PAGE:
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McNamara v Bradford[2017] QCATA 5


McNamara v Bradford [2017] QCATA 5


Thomas McNamara





Shaun Bradford



APL279 -16




On the papers




Senior Member Stilgoe OAM


17 January 2017




  1. Leave to appeal refused.


APPEAL – LEAVE TO APPEAL – interference with finding of fact – functions of appellate tribunal – where findings based on credibility of witnesses – necessity for finding to be clearly wrong – where applicant claimed on invoice – where respondent disputed time spent – where tribunal preferred evidence of respondent – whether grounds for leave to appeal

Chambers v Jobling (1986) 7 NSWLR 1

Dearman v Dearman (1908) 7 CLR 549

Fox v Percy (2003) 214 CLR 118

Pickering v McArthur [2005] QCA 294


This matter was heard and determined on the papers pursuant to s 32 of the Queensland Civil and Administrative Tribunal Act 2009 (Qld) (QCAT Act).


  1. [1]
    Thomas McNamara agreed to a ‘do and charge’ plumbing job for Shaun Bradford. When Mr McNamara presented the invoice, Mr Bradford thought it was too high. After correspondence to and fro, Mr McNamara filed a claim for $1357.96. The tribunal ordered Mr Bradford pay Mr McNamara $750.15.
  2. [2]
    Mr McNamara wants to appeal that decision. Because this is an appeal from a decision of the tribunal in its minor civil disputes jurisdiction, leave is necessary.[1] Leave to appeal will usually be granted where there is a reasonable argument that the decision is attended by error, and an appeal is necessary to correct a substantial injustice to the applicant caused by that error.[2]
  3. [3]
    Mr McNamara says the tribunal erred in a finding of fact. He says that the tribunal could not have come to the conclusion that he spent only 6 hours on the job, rather than the 11 hours he claimed.
  4. [4]
    Findings of fact by a Tribunal will not usually be disturbed on appeal if the facts inferred by the Tribunal, upon which the finding is based, are capable of supporting its conclusions, and there is evidence capable of supporting any inferences underlining it.[3] An appellate tribunal may interfere, however, if the conclusion at first instance is ‘contrary to compelling inferences’ in the case.[4]  As the High Court said in Fox v Percy:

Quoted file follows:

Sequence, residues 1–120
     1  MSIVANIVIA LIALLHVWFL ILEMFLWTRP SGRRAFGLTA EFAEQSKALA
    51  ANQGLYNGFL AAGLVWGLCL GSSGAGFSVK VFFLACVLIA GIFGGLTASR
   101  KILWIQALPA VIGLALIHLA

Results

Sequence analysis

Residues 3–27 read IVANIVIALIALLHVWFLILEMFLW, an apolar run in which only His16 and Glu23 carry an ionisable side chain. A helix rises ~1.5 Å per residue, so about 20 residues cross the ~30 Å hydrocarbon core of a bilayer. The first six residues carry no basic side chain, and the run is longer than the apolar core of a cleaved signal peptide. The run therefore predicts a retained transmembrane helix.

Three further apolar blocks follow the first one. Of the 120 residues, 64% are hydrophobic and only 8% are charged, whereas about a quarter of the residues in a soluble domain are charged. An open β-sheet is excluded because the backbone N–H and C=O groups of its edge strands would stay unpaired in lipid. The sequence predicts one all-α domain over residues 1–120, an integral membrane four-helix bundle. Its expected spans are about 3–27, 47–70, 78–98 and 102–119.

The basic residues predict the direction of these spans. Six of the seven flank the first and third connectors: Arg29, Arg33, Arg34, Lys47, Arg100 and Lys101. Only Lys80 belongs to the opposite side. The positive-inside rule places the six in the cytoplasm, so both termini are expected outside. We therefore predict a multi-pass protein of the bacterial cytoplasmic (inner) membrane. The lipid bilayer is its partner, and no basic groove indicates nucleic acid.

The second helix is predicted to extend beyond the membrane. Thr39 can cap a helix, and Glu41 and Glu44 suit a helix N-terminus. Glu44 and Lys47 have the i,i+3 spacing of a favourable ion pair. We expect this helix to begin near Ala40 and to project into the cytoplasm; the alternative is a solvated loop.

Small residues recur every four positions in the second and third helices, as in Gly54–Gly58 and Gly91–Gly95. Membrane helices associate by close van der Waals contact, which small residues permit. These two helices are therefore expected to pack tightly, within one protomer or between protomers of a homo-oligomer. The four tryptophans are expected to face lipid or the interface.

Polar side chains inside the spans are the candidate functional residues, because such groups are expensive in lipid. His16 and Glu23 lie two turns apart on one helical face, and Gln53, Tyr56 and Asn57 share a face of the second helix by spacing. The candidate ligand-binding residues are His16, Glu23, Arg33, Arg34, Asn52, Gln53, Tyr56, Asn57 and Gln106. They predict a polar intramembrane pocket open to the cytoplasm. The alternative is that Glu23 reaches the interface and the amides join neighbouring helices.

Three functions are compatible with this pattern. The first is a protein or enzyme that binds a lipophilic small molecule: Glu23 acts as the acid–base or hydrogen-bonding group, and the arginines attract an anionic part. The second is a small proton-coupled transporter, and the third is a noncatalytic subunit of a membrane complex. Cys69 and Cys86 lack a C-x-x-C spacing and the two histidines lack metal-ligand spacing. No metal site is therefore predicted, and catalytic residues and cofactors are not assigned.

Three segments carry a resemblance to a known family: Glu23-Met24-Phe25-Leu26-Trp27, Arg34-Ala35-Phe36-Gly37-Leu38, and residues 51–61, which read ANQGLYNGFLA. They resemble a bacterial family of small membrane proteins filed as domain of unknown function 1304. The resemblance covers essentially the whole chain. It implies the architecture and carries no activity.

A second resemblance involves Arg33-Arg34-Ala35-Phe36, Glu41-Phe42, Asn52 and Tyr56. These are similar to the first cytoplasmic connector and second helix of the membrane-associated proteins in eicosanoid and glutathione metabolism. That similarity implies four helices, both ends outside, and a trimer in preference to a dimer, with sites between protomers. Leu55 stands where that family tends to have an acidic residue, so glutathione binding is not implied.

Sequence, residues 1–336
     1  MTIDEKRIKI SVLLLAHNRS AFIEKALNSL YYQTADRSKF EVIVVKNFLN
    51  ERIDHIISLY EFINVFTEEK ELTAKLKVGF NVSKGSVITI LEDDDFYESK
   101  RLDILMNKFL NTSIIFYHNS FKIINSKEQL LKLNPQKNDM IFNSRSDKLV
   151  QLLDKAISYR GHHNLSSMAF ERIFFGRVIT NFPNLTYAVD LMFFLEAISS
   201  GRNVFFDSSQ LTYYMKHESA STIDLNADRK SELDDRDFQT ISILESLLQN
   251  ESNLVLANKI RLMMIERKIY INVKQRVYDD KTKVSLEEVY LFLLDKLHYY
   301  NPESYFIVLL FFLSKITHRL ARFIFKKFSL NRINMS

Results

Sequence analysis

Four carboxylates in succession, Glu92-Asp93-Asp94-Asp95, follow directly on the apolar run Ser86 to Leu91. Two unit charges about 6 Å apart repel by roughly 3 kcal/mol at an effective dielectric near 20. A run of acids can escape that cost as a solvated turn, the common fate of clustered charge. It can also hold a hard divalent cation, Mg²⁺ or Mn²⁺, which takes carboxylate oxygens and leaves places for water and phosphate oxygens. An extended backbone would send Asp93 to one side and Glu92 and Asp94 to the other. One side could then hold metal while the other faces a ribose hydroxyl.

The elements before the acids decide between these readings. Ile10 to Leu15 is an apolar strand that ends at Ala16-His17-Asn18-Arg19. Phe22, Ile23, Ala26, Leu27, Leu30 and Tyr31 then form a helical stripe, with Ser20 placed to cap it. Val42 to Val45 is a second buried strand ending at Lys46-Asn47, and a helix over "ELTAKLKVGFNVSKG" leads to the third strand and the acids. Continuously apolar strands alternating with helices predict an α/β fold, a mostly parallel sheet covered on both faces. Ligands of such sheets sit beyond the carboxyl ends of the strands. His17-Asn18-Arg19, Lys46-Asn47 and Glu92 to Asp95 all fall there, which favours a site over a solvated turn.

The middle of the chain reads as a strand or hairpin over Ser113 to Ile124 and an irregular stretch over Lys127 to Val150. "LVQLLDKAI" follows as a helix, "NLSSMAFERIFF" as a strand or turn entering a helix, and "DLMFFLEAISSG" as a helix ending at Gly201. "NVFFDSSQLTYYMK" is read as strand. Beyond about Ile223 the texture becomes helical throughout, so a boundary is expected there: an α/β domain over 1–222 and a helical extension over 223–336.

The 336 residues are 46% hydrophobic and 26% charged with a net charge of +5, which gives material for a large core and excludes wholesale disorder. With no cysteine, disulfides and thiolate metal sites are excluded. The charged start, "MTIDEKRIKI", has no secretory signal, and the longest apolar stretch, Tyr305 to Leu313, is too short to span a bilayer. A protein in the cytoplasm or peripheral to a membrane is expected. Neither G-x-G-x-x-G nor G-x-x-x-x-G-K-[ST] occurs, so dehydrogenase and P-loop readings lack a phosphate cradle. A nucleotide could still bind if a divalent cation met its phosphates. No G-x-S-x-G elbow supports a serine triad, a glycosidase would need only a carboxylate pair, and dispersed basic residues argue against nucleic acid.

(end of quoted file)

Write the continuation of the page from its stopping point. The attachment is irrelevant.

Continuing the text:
In such circumstances, the appellate court is not relieved of its statutory function by the fact the trial judge has, expressly or implicitly, reached a conclusion influenced by an opinion concerning the credibility of witnesses. In such a case, making all due allowances for the advantages available to the trial judge, the appellate court must “not shrink from giving effect to” its own conclusion.[5]

  1. [5]
    I have read the transcript and considered the material. The tribunal had conflicting evidence from Mr McNamara and Mr Bradford. Both gave evidence under oath. Mr Bradford referred to diary entries to support his claim that Mr McNamara did not spend 11 hours doing the job. The tribunal preferred Mr Bradford’s evidence as being ‘more reliable’.[6] The evidence can support that finding and I can find no compelling reason to come to a contrary view.
  1. [6]
    There is no reasonably arguable case that the tribunal was in error. Leave to appeal should be refused.



[1]   QCAT Act, s 142(3)(a)(i).

[2] Pickering v McArthur [2005] QCA 294 at [3].

[3] Dearman v Dearman (1908) 7 CLR 549 at 561; Fox v Percy (2003) 214 CLR 118 at 125-126.

[4]Chambers v Jobling (1986) 7 NSWLR 1 at 10.

[5] Fox v Percy (2003) 214 CLR 118 at 128 per Gleeson CJ, Gummow and Kirby JJ.

[6]  Transcript page 1-16, line 10.


Editorial Notes

  • Published Case Name:

    Thomas McNamara v Shaun Bradford

  • Shortened Case Name:

    McNamara v Bradford

  • MNC:

    [2017] QCATA 5

  • Court:


  • Judge(s):

    Senior Member Stilgoe

  • Date:

    17 Jan 2017

Appeal Status

Please note, appeal data is presently unavailable for this judgment. This judgment may have been the subject of an appeal.

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